Plaintiff sued its former employee and alleged, among other things, that defendant violated the anticircumvention provisions of the Digital Millennium Copyright Act (17 USC 1201). While defendant was still an employee, she used her username and password to access and download copyrighted material stored on plaintiff’s server after she had already accepted an employment offer from a competitor.
Defendant moved to dismiss the anticircumvention claim. The court granted the motion to dismiss.
The court’s holding centered on what the DMCA means by “circumvent a technological measure”. The statute requires that for there to be circumvention, one must “descramble a scrambled work . . . decrypt an encrypted work, or otherwise . . . avoid, bypass, remove, deactivate, or impair a technological measure, without the authority of the copyright owner.”
In this case, the court followed the line of reasoning in prior cases, including Egilman v. Keller & Heckman LLP to hold that defendant did not circumvent any measures because she validly accessed the system using her username and password.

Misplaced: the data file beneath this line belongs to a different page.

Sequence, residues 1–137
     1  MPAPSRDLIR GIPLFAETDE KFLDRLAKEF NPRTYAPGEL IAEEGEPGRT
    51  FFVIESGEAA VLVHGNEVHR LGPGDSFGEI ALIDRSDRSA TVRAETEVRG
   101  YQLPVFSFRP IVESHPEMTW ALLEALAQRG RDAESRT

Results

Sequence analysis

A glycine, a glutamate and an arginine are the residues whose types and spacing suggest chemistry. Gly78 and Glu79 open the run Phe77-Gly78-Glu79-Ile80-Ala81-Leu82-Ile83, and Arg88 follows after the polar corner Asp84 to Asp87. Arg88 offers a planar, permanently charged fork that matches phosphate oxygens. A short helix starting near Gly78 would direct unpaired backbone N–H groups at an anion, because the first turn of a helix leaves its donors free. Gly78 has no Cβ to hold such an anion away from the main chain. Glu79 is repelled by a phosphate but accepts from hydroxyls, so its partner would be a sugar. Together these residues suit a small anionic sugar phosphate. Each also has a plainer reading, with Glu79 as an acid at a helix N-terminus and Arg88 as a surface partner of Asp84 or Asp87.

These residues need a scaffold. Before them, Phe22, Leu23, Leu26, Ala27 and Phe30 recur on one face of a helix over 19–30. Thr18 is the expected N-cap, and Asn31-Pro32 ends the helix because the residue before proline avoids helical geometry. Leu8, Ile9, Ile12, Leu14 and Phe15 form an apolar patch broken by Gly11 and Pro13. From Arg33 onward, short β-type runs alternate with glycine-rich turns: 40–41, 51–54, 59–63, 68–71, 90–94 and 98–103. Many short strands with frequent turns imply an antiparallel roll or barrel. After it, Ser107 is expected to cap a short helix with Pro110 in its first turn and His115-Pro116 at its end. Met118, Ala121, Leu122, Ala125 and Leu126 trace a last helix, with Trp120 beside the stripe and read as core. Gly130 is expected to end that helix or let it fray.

The court found that even if the use that defendant made of that access was not something that plaintiff would have authorized her to do, i.e. copy the materials at issue, defendant’s alleged abuse of her logon privileges did not rise to the level of descrambling, decrypting, or otherwise avoiding, bypassing, removing, deactivating, or impairing anything.
R. Christopher Goodwin & Assoc., Inc. v. Search, Inc., 2019 WL 5576834 (E.D. Louisiana October 29, 2019)
About the Author: Evan Brown is a Chicago technology and intellectual property attorney. Call Evan at (630) 362-7237, send email to ebrown [at] internetcases.com, or follow him on Twitter @internetcases. Read Evan’s other blog, UDRP Tracker, for information about domain name disputes.